It has long been known that the PR firm Hill and Knowlton designed the response of the U.S. tobacco industry to the revelation of the deadliness of tobacco products. It turns out that the Canadian companies also used the services of that firm to develop their response to the health crisis. I believe that this trial is the first documentary evidence of their early involvement. 

August 2, 1962: Imperial Tobacco meets with Hill and Knowlton and the U.S. Tobacco Industry Research Committee to discuss the upcoming Surgeon General (Terry) report, and the response to the Royal Society Report in Canada. Hill and Knowlton promotes the idea of "plants, leaks and dissemination of information" by which they make personal contact with journalists to influence reporting. (Exhibit 547).

August 14, 1963: Imperial Tobacco decides to hire Hill and Knowlton to write its submission to the Minister of Health's conference on tobacco. The PR firm suggested using graphs that linked diagnostic techniques to lung cancer rates - and got authority to also write sections on "education, advertising, labelling, taxation, moderation and economics of the industry." (Exhibit 550)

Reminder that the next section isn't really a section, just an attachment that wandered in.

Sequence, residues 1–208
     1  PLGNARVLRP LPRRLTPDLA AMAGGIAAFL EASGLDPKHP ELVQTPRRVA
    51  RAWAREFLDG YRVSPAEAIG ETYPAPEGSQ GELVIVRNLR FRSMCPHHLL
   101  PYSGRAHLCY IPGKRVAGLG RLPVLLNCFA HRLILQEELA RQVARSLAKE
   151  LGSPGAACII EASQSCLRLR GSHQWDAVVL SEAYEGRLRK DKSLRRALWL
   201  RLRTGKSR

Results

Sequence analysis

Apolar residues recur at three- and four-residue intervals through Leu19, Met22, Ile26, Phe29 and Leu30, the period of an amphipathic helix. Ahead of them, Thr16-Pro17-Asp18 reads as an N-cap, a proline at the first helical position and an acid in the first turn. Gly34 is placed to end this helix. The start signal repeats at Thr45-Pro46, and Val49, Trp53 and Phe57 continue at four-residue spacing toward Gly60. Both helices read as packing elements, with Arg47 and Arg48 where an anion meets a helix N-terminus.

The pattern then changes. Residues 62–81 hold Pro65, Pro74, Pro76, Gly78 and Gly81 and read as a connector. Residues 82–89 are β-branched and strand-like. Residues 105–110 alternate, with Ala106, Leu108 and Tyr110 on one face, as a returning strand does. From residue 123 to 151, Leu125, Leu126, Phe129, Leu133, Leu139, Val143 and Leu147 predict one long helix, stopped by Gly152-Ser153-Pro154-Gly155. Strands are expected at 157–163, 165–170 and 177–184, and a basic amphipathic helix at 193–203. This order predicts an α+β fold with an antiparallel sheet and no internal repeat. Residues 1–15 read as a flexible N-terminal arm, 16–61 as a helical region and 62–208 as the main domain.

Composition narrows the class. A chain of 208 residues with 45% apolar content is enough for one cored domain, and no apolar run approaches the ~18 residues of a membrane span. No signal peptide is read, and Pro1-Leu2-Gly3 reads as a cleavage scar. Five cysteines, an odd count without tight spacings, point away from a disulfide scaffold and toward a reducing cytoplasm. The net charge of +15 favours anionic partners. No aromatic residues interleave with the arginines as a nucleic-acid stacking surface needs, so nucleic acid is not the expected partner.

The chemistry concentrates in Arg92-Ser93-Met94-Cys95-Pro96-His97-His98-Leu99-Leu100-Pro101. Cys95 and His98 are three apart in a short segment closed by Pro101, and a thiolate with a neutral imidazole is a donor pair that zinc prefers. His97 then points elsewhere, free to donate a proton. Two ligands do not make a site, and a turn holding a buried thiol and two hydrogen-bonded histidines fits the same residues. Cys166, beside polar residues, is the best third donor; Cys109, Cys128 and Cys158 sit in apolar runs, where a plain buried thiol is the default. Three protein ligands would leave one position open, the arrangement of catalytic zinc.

Canadian tobacco firms
acting on H&K suggestions
for alternative explanations
for growing lung cancer
November 26, 1963: On behalf of the tobacco companies, John Keith of Imperial Tobacco presents his report to the Minister's Conference. Although a Canadian public relations firm managed the distribution of the report (Public and Industrial Relations, the agency which later managed the CTMC), the chapters of the report follow the outline suggested by Hill and Knowlton. (Exhibit 551C - English on Legacy) and includes the suggested graph on lung cancer diagnosis, suggesting that the increase in lung cancers is related to better diagnosis, not smoking.